“You’ve been living in Texas for years now, and you still haven’t been to the rodeo?” asked Raquel incredulously.
“Not exactly,” I protested years ago to my San Antonian friend, hoping my spiritual retreat at a Texas dude ranch would qualify as my cultural initiation to the Lone Star State. “And besides, in my college bar days, I endured too many inebriated ‘cowboy wannabes’ on mechanical bulls. They severely compromised my enthusiasm for the sport.”
Alas, my less-than-subtle disinterest was to no avail. Refusing to accept “no” for an answer, Raquel insisted on securing two front-row seats at the annual rodeo and livestock spectacular when it trekked from Fort Worth to San Antonio. With no ten-gallon hats to obstruct our view of the bull riding, calf roping, and steer wrestling competitions, our VIP seat selections afforded us the full sensory experience!
However, we weren’t prepared for the overwhelming smell of manure from the arena pit immediately below. Nor did we expect to be showered in it every time the animals aggressively rounded the corner!
(Note to self when seated in the front row at my next rodeo extravaganza: Absolutely no open containers; leave the whitewash jeans in a closet; and bring the Willie Nelson bandana for a nose covering.)
Let us consider Jim Wakefield’s metaphor, “Rodeo is about life lessons, and not just about belt buckles and winning.” Fair enough. Life is far more than winning a competition—bridled or otherwise. By the same token, we seldom prefer to lose—be it a job, an investment, or a close friend. And when we lose, it is so easy to lose perspective as well. By no means should we deny the significance of what we lost, but neither should the loss negate our appreciation for what we still have.
If a rodeo offers a few secrets of life, then what metaphor can I draw from personal experience? “Even from the sidelines, we never know what life throws at us.” Thus, instead of being a spectator through life, why not seize the day—carpe diem—take the bull by the horns, so to speak!
For me, one way to be fully alive, to actively engage in the sport of living, is to approach the day in a spirit of gratitude. Gratitude gives me perspective. For example, if I start lamenting how much better any given situation could be, gratitude helps me realize the situation could just as easily be much worse. All things in life are relative. Thanksgiving for God’s abundant blessings balances my perspective.
The journalist J. Robert Moskin wrote, “Thanksgiving comes to us out of prehistoric dimness, universal to all ages and faiths.” Muslims pray five times a day to thank God, and devout Jews recite the Amidah three times daily, a prayer that concludes with gratitude.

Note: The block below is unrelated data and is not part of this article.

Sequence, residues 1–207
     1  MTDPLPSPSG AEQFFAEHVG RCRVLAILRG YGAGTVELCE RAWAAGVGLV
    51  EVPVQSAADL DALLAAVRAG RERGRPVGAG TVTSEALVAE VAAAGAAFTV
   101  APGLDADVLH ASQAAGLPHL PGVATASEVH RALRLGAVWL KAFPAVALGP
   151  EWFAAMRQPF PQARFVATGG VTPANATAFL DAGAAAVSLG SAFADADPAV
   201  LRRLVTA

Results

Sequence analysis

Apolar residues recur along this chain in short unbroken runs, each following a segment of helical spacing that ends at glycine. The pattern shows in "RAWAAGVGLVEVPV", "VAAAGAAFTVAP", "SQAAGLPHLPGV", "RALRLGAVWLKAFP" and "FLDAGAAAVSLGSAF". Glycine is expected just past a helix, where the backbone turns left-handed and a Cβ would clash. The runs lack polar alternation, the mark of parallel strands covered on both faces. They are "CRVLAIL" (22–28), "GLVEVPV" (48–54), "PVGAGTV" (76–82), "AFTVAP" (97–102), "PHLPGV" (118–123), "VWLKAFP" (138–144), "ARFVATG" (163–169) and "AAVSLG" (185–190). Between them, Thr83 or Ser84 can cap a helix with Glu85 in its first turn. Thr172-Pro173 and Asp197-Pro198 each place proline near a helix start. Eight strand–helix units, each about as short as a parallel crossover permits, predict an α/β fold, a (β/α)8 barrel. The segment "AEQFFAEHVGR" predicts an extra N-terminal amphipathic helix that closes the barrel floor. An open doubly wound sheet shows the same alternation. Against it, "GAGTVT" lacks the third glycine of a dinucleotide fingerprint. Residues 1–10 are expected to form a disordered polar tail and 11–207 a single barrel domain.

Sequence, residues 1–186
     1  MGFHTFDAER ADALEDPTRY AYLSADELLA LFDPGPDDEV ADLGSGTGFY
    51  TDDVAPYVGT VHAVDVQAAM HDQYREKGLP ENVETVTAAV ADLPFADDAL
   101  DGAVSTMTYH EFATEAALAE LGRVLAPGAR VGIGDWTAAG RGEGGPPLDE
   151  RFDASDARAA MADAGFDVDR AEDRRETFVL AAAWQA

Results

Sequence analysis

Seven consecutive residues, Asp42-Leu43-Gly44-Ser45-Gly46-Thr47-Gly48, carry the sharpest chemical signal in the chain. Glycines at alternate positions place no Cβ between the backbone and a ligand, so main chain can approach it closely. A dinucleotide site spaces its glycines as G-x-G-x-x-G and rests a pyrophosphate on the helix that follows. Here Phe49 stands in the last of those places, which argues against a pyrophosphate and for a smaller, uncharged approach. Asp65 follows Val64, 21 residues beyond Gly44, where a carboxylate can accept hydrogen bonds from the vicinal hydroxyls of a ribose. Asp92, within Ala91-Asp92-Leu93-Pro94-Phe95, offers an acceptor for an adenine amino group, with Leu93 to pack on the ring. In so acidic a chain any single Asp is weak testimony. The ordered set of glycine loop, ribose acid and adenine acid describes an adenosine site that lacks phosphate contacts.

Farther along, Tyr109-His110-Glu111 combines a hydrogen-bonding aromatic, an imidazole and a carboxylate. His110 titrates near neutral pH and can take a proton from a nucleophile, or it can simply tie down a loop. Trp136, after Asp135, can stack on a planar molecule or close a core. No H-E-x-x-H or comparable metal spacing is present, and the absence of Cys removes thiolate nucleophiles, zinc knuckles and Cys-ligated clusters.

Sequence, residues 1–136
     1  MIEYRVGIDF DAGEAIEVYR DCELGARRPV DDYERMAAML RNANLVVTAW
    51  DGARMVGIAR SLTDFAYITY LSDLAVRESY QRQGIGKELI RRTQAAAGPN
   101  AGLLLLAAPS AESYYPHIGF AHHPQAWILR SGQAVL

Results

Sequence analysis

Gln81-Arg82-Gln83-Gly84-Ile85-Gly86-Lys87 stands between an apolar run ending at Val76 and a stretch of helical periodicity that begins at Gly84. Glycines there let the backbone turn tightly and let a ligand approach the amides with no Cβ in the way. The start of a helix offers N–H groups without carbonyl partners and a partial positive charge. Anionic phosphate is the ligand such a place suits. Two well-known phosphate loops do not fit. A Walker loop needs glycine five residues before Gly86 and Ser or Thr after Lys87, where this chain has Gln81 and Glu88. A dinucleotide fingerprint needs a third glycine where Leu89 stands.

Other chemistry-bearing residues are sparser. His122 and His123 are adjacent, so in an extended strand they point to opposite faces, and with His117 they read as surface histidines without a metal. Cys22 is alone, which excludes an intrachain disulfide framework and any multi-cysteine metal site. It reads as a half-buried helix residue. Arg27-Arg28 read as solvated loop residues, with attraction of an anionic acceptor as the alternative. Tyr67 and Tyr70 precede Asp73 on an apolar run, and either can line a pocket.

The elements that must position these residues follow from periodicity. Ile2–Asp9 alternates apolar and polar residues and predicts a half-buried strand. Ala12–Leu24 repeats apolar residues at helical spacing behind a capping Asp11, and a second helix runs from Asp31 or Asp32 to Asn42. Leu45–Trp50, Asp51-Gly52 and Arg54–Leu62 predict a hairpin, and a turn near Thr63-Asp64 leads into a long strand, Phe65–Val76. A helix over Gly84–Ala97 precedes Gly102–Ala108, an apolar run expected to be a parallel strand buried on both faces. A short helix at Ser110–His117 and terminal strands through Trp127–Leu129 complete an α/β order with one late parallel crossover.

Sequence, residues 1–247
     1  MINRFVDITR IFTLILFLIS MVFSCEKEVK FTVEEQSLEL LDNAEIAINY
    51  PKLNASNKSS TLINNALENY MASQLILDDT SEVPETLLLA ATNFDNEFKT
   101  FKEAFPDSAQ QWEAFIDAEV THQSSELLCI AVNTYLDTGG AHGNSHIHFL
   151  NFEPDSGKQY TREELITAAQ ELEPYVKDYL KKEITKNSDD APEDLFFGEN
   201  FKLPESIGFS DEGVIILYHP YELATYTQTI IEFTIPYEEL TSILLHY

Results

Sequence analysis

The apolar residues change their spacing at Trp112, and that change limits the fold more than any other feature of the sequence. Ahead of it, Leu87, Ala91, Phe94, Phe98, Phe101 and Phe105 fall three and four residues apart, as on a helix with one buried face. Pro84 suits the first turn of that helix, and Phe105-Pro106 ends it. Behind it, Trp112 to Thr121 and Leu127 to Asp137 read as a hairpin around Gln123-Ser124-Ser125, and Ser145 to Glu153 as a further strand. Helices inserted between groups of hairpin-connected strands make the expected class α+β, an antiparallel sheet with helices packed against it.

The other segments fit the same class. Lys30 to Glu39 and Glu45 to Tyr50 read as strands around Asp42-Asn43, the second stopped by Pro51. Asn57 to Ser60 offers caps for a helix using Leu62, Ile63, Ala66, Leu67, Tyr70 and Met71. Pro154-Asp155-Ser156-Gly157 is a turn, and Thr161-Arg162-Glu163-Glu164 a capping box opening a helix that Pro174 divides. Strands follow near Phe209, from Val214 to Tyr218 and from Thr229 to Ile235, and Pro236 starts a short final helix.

Jesus, as a devout Jew, also would have offered brief prayers of gratitude throughout the day, such as before dressing and eating. “Indeed, even the common daily task of washing one’s hands called for thanksgiving,” explains Edward Hays in Prayers for a Planetary Pilgrim. “Blessing prayers were recited in gratitude for any number of reasons: for the safe return from a journey, for recovery from an illness, for being forgiven, for the coming of a feast or the beginning of a new season.”
A worthwhile practice is to count our blessings at the beginning or end of each day. If we’re already in the habit of asking God’s forgiveness through an examination of conscience each night before going to bed, the examen can be coupled with a litany of profound gratitude to God for all the blessings received that day.
This litany may include thanksgiving to God for such things as blessing us with life to witness another day, the gift of our health, the comforts of friendship and family, and the safety and well-being of ourselves and others. Usually at the top of my list are the two greatest blessings God gave me—my mother and father.
Remember to include the blessings from God that are easily overlooked or often taken for granted: the work we do and the fulfillment it provides, the freedoms we enjoy in this country, the education we received and our teachers, the gift of our faith through Jesus Christ, the company of the saints and our Blessed Mother for their intercession, and the sustenance derived from God’s word and the sacraments—especially the Eucharist. (Incidentally, even Eucharist is derived from a Greek word that means “thanksgiving”!)
In the spirit of this holiday season, let us also recall Shabbat for Jews, the day of rest observed from Friday at sundown until Saturday night. On Friday evening, parents traditionally place their hands on the heads or shoulders of their children as they bless them. Consider adopting this tender practice as a new tradition in your home on Thanksgiving Day. Likewise, the children might return a blessing to their parents and grandparents, too.
In Thanksgiving season or out, a grateful heart makes it easier for us to saddle up and face whatever life throws at us. And that’s no bull!